“During her Christmas holidays with the royal family at the Sandringham estate in Norfolk, England, Diana Spencer, struggling with mental health problems, decides to end her decade-long marriage to Prince Charles.” -IMDB
For a deep dive into Spencer, please head over to Valley Girl Podcast to hear a complete breakdown!
MEH. Let me clarify…
That is my overwhelming feeling about this movie. But honestly, that’s more than I expected. I’ve never been quiet about my feelings regarding Kristen Stewart’s acting skills. As with Hayden Christiansen, I dislike acting styles that focus on an intense teenage angst. Hayden whines, Kristen furrows her brow and hair flips. However, I was willing to see this film because the trailer showed me more variety in KStew’s acting than I had ever seen in her previous work. And it ended up not being Kristen’s breathy acting (although trust me, it had its moments…), it was the general plot (if there was one) and tone of the film that ultimately confuses the hell out of me.
This weekend follows Princess Diana during one weekend in Sandringham, at which time she decides that she will pursue a divorce from Prince Charles. At least…I think that’s what happened. This movie felt like walking through a gallery, it was beautiful and steeped in symbolism, but that made a difficult watch. When visiting a gallery, the artists vision is left open to interpretation by the audience. And while movies can get away with that if there is only a hint of it, turning an entire film into an art piece made the it lag. I checked my watch multiple times.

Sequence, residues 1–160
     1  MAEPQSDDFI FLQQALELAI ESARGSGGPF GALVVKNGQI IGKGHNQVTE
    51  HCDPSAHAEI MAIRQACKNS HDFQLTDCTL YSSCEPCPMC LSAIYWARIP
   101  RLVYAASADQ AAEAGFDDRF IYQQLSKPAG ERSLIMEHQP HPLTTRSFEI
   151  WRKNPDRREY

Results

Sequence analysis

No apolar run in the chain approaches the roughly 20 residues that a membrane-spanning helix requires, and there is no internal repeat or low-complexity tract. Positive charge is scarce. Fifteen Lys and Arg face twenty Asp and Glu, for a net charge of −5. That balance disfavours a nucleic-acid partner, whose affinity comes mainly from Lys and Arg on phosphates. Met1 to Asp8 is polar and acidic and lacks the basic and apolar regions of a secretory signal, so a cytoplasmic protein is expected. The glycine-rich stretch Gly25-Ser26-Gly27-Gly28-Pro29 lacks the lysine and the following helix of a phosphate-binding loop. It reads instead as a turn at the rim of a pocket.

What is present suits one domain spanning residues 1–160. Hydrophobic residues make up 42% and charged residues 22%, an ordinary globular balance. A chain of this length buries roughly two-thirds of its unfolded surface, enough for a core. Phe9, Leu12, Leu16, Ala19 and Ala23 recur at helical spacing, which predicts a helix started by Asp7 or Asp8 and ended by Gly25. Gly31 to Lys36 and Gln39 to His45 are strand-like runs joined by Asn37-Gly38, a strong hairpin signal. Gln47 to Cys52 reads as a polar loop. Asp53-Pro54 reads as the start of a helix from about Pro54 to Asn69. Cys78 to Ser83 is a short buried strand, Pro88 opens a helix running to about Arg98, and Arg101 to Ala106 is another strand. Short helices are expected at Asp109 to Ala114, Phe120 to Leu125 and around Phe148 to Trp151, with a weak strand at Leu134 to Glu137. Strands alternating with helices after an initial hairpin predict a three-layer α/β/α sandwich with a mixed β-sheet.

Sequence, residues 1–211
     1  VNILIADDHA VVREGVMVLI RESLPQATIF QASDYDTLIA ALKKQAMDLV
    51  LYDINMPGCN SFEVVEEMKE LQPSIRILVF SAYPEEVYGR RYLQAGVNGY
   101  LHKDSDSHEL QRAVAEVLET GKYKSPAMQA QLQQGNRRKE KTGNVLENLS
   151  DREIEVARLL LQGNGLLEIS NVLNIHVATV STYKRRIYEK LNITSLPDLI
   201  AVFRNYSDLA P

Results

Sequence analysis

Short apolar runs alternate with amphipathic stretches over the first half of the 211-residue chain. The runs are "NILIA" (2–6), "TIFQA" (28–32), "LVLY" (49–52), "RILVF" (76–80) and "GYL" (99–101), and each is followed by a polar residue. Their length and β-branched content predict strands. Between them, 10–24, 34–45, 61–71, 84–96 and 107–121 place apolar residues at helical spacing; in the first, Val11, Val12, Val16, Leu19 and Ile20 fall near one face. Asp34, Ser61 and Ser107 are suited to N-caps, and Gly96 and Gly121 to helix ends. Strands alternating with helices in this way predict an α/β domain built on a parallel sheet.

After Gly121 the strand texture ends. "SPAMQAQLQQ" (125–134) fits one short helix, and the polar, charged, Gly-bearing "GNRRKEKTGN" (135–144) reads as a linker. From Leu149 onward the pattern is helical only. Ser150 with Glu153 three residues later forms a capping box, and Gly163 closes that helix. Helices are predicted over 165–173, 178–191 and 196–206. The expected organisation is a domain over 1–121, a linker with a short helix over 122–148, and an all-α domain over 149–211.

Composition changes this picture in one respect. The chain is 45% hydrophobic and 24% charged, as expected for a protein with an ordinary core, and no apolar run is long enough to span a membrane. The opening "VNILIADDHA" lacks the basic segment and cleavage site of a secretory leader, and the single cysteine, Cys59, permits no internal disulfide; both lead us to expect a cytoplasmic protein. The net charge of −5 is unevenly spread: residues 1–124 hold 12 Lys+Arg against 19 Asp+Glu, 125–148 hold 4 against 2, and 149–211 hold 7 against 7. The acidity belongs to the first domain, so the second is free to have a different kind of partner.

Furthermore, even though the film starts by stating that this is a fictionalized account of what happened, that seemed like a cheap way of allowing the filmmakers to take all of the artistic license that they wanted. But when we’re dealing with one of the most famous figures in modern history, it is difficult to take those leaps without the audience taking the story as gospel. In doing this (and trust me, although I follow royal news, I am anti-monarchy all the way), it felt disrespectful to Diana. It seemed to insinuate that she was manic and undercut her real, demonstrated strength. And, aside from that, it was so steeped in odd and pretentious symbolism that it was ultimately just a snooze to watch.
All of that being said, I do have to give credit to KStew. As I said earlier, there were still moments of breathy hair flipping, but it seemed more true to the character. And the moment between Diana and her sons were the best I’ve seen of KStew. They were honest, light, and fresh. Those moments were much needed in this film.
Do I regret seeing this film? No. The acting was enjoyable to watch and the film was visually beautiful to look at. But would I watch it again? Also no. To be honest, I barely remember watching it the first time. And that’s the (royal) tea.
Rating: 5 out 10 Claire Bears
If you like this movie, you should also watch: The Crown, The Queen, The King’s Speech
Streaming: Available in Theaters
With: Kristen Stewart, Timothy Spall, Jack Nielsen, Freddie Spry
Directed By: Pablo Lorrain